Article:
– If you need to be good at troubleshooting a very high level of expertise is required about the machine or system that you are trying to fix

This is definitely one of the most common and yet the most costly and destructive troubleshooting myth. Companies spend valuable resources to hire and train wrong people for a wrong job. A technically sound person does not necessarily have the attitude, mindset or discipline required for troubleshooting. All that is really required is to have adequate knowledge about a machine or system, know the tests that need to be conducted and then use the troubleshooting process (that is easily learned) to narrow down to a list of possible causes. Even without prior knowledge or experience a well-written documentation on troubleshooting can enable one to find the root cause of the problem. What is noteworthy here is that even the most experienced troubleshooters will fail if they do not follow the troubleshooting process. Getting consistent training on the methods and possible pitfalls of troubleshooting is sufficient to enable anyone to undertake this task.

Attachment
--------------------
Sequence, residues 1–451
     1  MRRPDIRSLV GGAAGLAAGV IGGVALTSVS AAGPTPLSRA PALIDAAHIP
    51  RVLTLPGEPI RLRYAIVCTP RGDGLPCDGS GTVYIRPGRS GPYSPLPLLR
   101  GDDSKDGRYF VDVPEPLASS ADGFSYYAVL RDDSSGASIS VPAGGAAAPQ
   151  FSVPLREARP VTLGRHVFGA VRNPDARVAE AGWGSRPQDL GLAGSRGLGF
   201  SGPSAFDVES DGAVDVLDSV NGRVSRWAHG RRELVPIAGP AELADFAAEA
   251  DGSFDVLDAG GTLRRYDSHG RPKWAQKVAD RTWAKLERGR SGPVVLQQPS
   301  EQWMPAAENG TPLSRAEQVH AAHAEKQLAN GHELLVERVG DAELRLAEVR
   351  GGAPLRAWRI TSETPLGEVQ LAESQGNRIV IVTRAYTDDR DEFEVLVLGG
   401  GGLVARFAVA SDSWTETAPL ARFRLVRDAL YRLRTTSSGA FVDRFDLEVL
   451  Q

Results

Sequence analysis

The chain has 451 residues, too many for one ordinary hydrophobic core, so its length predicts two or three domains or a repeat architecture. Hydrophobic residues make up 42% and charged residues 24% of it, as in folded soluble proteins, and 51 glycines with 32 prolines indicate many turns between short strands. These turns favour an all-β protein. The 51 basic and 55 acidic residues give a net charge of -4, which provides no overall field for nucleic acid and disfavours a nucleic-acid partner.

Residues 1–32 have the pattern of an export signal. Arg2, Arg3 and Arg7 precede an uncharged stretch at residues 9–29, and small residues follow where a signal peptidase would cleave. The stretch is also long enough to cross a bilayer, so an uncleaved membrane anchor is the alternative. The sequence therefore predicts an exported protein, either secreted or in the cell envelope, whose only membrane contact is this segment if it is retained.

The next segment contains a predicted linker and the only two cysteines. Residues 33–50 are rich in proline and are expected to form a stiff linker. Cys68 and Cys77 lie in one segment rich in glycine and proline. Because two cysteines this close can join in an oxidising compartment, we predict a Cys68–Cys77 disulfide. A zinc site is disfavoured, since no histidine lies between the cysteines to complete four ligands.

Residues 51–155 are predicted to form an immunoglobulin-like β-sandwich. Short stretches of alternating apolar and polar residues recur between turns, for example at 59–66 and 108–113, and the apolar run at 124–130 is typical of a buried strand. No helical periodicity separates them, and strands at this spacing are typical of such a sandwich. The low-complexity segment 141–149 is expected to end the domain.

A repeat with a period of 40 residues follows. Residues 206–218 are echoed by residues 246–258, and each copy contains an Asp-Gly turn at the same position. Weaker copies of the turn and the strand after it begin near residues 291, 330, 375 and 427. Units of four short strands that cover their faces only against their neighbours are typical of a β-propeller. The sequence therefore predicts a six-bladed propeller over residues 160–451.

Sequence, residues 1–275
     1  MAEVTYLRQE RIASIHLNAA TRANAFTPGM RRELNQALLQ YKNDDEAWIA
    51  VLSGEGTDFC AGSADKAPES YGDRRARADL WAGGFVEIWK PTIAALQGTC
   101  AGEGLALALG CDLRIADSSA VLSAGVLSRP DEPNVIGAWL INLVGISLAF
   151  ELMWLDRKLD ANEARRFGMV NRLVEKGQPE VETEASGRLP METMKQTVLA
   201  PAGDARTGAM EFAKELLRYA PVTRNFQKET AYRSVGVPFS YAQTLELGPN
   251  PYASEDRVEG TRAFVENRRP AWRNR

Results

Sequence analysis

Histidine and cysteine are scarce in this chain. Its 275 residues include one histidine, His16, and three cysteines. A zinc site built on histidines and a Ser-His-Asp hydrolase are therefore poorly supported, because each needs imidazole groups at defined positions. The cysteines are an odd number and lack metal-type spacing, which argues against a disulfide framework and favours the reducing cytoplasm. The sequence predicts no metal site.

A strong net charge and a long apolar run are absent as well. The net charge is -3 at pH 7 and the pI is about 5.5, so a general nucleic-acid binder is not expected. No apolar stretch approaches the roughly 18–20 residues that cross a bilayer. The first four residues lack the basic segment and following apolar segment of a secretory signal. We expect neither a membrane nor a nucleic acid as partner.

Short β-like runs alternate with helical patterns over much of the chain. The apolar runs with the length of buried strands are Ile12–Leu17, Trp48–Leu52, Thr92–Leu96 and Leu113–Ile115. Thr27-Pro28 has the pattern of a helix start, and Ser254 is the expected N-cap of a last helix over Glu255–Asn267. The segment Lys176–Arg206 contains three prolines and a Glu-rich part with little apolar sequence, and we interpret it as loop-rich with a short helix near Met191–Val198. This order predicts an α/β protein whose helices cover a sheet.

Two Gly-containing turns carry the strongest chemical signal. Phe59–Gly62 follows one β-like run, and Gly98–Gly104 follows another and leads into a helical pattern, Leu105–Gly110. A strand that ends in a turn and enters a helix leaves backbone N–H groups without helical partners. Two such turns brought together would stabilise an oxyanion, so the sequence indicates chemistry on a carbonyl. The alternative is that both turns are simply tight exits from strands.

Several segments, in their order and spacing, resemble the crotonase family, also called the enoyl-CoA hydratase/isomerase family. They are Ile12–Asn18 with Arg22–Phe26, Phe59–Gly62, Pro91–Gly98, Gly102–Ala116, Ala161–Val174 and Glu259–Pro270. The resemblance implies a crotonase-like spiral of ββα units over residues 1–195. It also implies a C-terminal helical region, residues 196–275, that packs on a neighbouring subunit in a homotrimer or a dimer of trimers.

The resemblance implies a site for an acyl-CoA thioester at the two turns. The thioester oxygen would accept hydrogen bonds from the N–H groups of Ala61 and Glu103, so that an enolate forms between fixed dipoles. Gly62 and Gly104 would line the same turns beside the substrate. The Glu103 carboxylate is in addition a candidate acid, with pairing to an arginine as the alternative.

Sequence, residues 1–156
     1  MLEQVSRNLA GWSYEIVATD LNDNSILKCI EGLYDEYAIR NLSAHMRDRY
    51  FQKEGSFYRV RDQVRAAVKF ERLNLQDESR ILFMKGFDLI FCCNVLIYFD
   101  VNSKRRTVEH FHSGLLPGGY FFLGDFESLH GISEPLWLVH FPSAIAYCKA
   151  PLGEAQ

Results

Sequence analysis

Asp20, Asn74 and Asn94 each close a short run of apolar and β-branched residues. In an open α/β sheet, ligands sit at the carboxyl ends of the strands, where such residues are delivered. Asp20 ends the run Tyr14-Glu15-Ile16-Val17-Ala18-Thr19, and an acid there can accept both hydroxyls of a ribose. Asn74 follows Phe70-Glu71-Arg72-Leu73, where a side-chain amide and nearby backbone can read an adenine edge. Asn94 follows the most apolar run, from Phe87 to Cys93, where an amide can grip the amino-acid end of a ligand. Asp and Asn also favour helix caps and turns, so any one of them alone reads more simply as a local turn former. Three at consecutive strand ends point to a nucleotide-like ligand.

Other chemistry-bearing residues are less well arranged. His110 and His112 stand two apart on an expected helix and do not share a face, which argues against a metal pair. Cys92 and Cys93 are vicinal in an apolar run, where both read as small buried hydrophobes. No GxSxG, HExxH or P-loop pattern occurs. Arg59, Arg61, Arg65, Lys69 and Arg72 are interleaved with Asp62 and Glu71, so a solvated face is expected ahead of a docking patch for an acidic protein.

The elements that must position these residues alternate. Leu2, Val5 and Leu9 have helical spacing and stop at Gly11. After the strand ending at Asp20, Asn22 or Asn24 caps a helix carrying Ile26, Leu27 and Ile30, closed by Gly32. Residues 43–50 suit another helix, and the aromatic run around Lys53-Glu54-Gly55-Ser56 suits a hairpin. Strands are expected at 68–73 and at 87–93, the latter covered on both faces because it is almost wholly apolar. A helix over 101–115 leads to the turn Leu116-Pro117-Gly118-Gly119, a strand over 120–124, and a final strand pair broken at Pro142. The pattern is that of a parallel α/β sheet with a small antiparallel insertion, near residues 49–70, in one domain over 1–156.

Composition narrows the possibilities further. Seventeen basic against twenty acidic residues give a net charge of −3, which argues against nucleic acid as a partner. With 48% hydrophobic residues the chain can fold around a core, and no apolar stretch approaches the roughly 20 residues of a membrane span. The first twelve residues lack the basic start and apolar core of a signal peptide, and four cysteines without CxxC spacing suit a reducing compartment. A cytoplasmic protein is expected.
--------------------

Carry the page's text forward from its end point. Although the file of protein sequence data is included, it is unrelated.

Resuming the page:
– Another of the troubleshooting myths is that this process depends on the machine or system to be fixed.

This is so absurd since machines and systems vary – even within the same organization. However, the overall troubleshooting process is the same. A logical and analytical approach would allow you to fix a faulty computer, geyser or even use it for effective parenting!

– The best and effective troubleshooters are born. They are not taught or schooled for troubleshooting.

Troubleshooting by its very definition is a logical set of procedures and analytical abilities. It is a combination of attitude, fortitude and focused mindset that is easily taught and learned. A person willing to learn is able to learn and master any skill.